Updated March 19, 2021 - 9:09 am
In October, Tina Hartshorn ordered 5-gallon jugs of Real Water delivered to her home in the north Las Vegas Valley.
She was intrigued by what was marketed as “alkalized water infused with negative ions” and touted on the label as “the healthiest drinking water available.”
She bought two jugs for $20 and received two more for free, with a case of 1-liter bottles. She said she drank the water every day for nearly a month before she started to feel ill. She started vomiting and thought she might have an inner ear infection.
“I felt like a bobblehead,” Hartshorn said. “The more water I drank, the worse I got.”
In the wake of a recent civil lawsuit against the Las Vegas-based company and an announcement of a U.S. Food and Drug Administration investigation into Real Water after reported liver illness in children, more Nevadans have stepped forward with concerns about the product.
Attorney Will Kemp, who filed suit Tuesday on behalf of one family, said Thursday that he was fielding dozens of calls and interviewing potential clients, including one who underwent a liver transplant.
Late Thursday, his firm Kemp Jones, LLP filed a second lawsuit on behalf of a Nevada father of two who drank Real Water and suffered “acute liver failure and was informed that he was a candidate for an immediate liver transplant.”
Before receiving a transplant, however, the man recovered after he stopped drinking the water, Kemp said.
“It’s a little more serious than the health district thought,” the lawyer said of the initial response to the outbreak.
Retailers asked to pull product
Real Water President Brent Jones, a former Nevada legislator, called for retailers to pull the product from shelves “effective immediately,” according to a statement provided to The Associated Press.
The U.S. Food and Drug Administration also warned consumers, restaurants and retailers not to drink, cook with, sell or serve the product.
The agency was alerted late last week about five cases of acute non-viral hepatitis, which causes liver failure, in infants and children from November, according to the agency’s announcement. Six more people, including three children, reported less severe symptoms, such as vomiting, nausea, loss of appetite and fatigue.
“Our goal is to diligently work with the FDA to achieve a swift resolution,” Jones’ statement read. He asked retailers to keep the product “in the back rooms or return it to the distributors, adding that “any customer who has purchased Real Water from a retailer is asked to return the product.”
Jones has not responded to messages from the Review-Journal.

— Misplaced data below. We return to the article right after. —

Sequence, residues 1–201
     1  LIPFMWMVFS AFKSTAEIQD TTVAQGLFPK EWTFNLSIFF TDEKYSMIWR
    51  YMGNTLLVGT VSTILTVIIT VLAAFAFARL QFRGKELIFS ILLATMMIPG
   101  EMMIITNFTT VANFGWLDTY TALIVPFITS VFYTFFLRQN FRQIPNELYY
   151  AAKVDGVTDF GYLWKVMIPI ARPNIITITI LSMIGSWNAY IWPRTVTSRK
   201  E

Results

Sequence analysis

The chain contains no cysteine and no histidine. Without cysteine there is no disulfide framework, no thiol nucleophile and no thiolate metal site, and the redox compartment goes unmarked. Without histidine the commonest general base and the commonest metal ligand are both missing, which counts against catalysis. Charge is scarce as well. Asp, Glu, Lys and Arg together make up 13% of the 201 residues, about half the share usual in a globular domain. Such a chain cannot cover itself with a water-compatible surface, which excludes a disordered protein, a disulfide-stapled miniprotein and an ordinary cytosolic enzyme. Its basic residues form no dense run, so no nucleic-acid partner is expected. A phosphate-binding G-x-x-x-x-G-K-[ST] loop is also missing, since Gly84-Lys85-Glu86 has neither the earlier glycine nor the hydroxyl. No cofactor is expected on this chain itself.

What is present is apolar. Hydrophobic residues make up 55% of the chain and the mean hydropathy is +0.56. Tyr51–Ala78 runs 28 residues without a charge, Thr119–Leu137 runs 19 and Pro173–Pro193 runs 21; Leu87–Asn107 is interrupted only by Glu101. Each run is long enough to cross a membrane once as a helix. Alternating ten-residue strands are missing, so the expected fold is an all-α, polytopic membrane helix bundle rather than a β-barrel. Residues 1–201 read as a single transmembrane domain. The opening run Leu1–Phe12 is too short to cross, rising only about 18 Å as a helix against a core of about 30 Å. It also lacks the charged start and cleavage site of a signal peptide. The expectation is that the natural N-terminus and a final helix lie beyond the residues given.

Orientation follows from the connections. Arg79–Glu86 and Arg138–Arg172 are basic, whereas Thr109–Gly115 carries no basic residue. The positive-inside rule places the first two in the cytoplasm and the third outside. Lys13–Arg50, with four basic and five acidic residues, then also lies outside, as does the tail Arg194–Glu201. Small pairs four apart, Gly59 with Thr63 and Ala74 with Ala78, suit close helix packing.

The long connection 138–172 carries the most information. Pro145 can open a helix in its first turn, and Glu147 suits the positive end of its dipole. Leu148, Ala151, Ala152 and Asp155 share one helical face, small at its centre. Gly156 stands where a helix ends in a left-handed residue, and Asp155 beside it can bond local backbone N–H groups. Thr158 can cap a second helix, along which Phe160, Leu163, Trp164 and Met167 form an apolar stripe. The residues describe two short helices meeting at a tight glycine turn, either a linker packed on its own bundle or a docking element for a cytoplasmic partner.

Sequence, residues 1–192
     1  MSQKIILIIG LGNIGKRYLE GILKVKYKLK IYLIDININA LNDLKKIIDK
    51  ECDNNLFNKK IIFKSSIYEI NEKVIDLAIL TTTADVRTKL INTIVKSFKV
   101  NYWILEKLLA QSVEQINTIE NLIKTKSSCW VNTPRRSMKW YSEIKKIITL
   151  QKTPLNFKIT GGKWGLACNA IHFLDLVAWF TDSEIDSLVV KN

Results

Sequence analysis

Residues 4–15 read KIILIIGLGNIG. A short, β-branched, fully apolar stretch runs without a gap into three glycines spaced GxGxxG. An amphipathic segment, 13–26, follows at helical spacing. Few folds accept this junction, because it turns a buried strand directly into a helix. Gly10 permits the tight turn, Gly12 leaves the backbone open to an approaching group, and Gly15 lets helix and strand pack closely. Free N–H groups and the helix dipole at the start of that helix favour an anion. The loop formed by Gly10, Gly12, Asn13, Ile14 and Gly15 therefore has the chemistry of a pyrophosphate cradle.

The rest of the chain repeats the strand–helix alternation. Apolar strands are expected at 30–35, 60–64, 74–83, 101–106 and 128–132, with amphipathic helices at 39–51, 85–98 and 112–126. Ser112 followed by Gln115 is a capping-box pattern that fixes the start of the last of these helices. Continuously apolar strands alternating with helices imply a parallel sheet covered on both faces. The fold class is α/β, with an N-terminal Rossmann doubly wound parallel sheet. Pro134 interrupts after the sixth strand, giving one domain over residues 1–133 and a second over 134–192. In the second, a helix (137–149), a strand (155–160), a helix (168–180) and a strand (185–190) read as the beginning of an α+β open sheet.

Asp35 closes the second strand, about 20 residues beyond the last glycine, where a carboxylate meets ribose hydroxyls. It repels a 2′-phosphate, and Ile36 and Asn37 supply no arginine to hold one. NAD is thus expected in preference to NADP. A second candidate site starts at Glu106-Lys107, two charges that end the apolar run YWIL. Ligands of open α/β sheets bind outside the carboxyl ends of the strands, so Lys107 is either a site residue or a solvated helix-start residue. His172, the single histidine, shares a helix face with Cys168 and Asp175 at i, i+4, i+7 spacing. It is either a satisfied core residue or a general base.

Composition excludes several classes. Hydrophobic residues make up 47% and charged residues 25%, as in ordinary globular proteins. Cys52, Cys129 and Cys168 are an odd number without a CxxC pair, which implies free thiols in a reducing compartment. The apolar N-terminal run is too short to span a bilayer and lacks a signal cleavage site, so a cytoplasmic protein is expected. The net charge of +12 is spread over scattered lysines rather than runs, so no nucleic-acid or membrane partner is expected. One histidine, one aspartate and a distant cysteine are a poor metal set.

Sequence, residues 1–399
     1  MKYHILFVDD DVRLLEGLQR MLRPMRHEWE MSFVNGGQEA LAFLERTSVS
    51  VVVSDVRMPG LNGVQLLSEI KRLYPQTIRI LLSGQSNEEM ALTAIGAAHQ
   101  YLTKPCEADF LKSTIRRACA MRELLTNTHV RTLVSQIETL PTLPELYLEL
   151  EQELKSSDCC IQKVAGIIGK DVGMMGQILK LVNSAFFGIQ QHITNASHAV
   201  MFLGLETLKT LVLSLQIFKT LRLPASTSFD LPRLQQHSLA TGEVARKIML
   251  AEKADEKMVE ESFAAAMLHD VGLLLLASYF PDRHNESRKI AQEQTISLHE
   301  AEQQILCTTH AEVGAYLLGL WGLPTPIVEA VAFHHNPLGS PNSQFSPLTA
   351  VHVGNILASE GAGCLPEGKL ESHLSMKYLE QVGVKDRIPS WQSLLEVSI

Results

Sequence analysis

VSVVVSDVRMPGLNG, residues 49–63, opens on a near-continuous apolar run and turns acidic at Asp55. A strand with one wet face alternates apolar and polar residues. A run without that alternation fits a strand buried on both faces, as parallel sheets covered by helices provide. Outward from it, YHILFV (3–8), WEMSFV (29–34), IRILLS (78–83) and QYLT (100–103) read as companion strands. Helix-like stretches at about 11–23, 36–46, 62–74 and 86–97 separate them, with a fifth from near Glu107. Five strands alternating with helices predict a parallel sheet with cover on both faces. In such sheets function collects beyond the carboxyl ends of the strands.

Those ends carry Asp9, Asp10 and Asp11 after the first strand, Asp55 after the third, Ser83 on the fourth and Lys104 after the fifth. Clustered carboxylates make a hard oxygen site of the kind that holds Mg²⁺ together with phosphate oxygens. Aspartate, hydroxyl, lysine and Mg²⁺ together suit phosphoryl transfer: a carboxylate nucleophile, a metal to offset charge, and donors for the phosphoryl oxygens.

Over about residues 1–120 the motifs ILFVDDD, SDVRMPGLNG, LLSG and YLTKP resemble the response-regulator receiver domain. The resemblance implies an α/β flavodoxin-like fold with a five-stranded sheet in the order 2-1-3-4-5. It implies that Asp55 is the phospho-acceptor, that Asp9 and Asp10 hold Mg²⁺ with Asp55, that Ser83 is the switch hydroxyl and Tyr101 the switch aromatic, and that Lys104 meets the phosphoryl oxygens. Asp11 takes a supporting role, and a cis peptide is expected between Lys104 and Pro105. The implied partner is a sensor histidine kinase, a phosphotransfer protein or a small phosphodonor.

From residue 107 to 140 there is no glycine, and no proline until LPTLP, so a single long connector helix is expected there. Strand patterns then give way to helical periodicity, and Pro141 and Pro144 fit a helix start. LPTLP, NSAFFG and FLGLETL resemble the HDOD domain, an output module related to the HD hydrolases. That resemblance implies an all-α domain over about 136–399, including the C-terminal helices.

An avid Real Water drinker for years, 69-year-old Kathleen Ryerson died from aspirated pneumonia and liver failure on Nov. 11, according to her sister, Judy Ryerson, who said she believes the product played a role in her sister’s death.
“She had no underlying liver issues,” Ryerson said. Her sister had asthma and allergies but otherwise “she was healthy for her age.”
Kathleen Ryerson, retired from the health industry, underwent testing in September, and doctors could not figure out why she was sick, her sister said.
‘She just wasn’t herself’
Kathleen Ryerson drank upward of 64 ounces of Real Water per day. Her sister did not drink the product.
In October, continuing to consume Real Water, she was struggling to get out of bed or walk, her sister said.
“She couldn’t manage her life,” Judy Ryerson said. An ambulance rushed Kathleen Ryerson to St. Rose Dominican Hospital. “She was listless. She just wasn’t herself. I knew that something was really wrong. It was incredibly hard to push her along on her journey.”
After learning through news reports of the Real Water investigation, Judy Ryerson said she contemplated contacting an attorney. She kept a bottle of the product at the home the two shared.
“What would monetary compensation do right now?” she said. “Unfortunately, my sister’s gone. If this is in any way related to the Real Water, that’s what I want out there. And that’s why I want to get involved in this.”
By Nov. 9, Hartshorn was admitted to Centennial Hospital, where she stayed for nine days, running up a $100,000 medical bill.
She could barely speak and had difficulty keeping any food down, she said. Doctors asked if she was diabetic because her insulin was so low. She told them she was not.
Because of her hospitalization, she was skipped over for shifts at the Sun Coast pool bar where she worked.
Her husband, James, who did not drink the bottled water, said the couple did not know what caused her illness.
“Now that this is all coming out, it all makes sense,” he said. “I thought she was going crazy.”